July 19, 2010
Monday of the Sixteenth Week in Ordinary Time
Father Patrick Murphy, LC
Some of the scribes and Pharisees said to Jesus, "Teacher, we wish to see a sign from you." He said to them in reply, "An evil and unfaithful generation seeks a sign, but no sign will be given it except the sign of Jonah the prophet. Just as Jonah was in the belly of the whale three days and three nights, so will the Son of Man be in the heart of the earth three days and three nights. At the judgment, the men of Nineveh will arise with this generation and condemn it, because they repented at the preaching of Jonah; and there is something greater than Jonah here. At the judgment the queen of the south will arise with this generation and condemn it, because she came from the ends of the earth to hear the wisdom of Solomon; and there is something greater than Solomon here."
Introductory Prayer: Lord, my prayer will “work” only if I have humility in your presence. So I am approaching you with meekness and humility of heart. I have an infinite need for you and your grace. Thinking about this helps me grow in humility. I trust in you and your grace. Thank you for the unfathomable gift of your love.
Petition: Lord, let me love the way you love – with self-giving generosity.
1. The Hurdle of Pride
“Teacher, we wish to see a sign from you.” The relationship of the scribes and Pharisees with Jesus is uni-directional. They demand that he perform a sign if he wishes to be found worthy of their esteem, but they have closed their hearts to any possible openness toward him in advance. Pride makes impossible demands on others and will not be satisfied until these impossible demands are met! Thus pride is never satisfied. It is the cause of division, resentment and bitterness in relationships. Rather than make demands on Christ, we need to make demands on ourselves. We need to make demands that we grow in humility, selflessness and authentic love in imitation of the Lord.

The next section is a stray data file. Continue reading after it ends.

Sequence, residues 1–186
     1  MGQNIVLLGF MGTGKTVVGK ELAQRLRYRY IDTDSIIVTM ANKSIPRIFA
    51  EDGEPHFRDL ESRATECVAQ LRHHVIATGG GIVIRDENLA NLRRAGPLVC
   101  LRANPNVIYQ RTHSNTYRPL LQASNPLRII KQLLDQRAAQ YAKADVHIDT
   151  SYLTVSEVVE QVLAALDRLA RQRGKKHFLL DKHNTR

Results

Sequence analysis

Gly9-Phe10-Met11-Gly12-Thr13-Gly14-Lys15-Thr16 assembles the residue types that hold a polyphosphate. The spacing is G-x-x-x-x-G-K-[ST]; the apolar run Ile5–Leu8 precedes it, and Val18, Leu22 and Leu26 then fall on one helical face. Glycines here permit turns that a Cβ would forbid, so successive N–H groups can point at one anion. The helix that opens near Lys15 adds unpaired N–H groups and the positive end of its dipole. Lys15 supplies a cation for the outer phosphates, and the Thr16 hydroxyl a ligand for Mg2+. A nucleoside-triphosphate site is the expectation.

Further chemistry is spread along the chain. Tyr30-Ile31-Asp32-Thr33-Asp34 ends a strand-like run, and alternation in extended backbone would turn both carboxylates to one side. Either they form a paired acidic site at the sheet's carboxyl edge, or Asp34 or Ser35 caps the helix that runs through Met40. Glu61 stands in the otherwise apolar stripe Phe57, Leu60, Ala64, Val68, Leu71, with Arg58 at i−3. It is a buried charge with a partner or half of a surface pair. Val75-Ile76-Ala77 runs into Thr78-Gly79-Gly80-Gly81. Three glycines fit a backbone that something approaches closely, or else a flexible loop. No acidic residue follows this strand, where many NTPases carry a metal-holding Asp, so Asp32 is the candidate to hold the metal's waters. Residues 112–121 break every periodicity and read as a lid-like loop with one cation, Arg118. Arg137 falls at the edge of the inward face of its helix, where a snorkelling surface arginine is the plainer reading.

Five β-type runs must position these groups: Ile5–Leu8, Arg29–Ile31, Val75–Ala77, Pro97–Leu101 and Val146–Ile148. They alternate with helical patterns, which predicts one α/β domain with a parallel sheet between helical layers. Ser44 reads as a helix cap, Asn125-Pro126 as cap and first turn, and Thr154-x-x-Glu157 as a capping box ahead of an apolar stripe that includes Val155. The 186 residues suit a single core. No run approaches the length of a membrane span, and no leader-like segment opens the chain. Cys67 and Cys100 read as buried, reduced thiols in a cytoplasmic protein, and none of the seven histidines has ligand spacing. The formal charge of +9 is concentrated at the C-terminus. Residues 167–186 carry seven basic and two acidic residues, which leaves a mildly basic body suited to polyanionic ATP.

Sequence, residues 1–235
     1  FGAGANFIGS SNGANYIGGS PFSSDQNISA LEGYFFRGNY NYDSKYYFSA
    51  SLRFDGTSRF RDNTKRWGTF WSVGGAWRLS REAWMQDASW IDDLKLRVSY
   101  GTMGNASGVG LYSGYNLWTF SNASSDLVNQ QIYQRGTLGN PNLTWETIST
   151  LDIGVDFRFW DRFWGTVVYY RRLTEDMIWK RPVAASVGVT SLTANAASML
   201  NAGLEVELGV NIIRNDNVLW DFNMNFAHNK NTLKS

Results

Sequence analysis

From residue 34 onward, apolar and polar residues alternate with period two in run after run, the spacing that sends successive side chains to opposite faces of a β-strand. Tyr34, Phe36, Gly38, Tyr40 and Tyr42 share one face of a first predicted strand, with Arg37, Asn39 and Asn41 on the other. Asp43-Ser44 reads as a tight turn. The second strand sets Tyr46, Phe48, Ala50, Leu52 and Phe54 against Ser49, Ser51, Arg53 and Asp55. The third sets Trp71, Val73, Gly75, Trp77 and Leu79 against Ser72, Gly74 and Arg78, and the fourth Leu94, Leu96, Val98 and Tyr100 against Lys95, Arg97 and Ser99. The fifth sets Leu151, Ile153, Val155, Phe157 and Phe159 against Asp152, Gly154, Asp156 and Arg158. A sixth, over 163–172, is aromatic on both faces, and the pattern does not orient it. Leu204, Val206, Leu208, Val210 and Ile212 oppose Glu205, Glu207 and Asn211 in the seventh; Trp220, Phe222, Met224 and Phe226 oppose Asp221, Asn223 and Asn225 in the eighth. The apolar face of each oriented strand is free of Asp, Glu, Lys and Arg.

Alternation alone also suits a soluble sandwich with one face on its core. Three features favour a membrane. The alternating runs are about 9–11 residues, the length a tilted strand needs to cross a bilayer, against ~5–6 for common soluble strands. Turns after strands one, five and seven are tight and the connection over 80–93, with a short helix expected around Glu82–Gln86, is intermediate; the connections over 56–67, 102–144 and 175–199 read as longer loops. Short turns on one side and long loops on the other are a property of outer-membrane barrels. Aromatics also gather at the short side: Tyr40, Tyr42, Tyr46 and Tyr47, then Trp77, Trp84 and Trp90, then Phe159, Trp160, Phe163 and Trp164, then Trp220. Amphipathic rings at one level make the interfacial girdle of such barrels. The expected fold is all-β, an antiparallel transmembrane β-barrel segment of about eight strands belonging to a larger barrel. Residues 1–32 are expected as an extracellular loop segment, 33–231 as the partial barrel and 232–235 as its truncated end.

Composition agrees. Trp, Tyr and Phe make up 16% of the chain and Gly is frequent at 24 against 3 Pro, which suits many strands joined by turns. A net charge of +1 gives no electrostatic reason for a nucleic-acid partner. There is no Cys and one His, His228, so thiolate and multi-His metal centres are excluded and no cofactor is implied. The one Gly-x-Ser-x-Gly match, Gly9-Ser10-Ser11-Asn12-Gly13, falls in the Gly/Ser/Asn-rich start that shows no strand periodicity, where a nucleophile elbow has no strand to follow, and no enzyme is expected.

2. To Love or Not to Love
Pope Benedict XVI teaches us about self-giving love in his encyclical letter, Deus Caritas Est. Commenting on the Song of Songs, he writes: “The poems contained in this book were originally love-songs, perhaps intended for a Jewish wedding feast and meant to exalt conjugal love. In this context it is highly instructive to note that in the course of the book two different Hebrew words are used to indicate ‘love.’ First there is the word dodim, a plural form suggesting a love that is still insecure, indeterminate and searching. This comes to be replaced by the word ahabà. By contrast with an indeterminate, ‘searching’ love, this word expresses the experience of a love which involves a real discovery of the other, moving beyond the selfish character that prevailed earlier. Love now becomes concern and care for the other. No longer is it self-seeking, a sinking in the intoxication of happiness; instead it seeks the good of the beloved, it becomes renunciation and it is ready, and even willing, for sacrifice” (no. 6).
3. Nineveh and Love
Jesus tells us that at the Judgment, the men of Nineveh will arise with the generation of people surrounding him and condemn it. The reason is that the contemporaries of Jonah repented at his preaching. True self-giving love begins with repentance. When I repent I acknowledge the person of God who is worthy of all my love. I feel remorse for having loved him so little or for having offended him who is all love. Love-filled remorse implies a bending of my will affectionately toward the other. This is a form a self-giving love that we can all achieve at any moment of our lives.
Conversation with Christ: Lord, I love you. I want to strengthen the habit of self-giving love within me. Presently my love is weak and short-lived. I can always practice loving sorrow for having offended you. Lord, grant me the grace of practicing contrition of heart throughout the day.
Resolution: Today I will practice contrition in order to grow in effective love.
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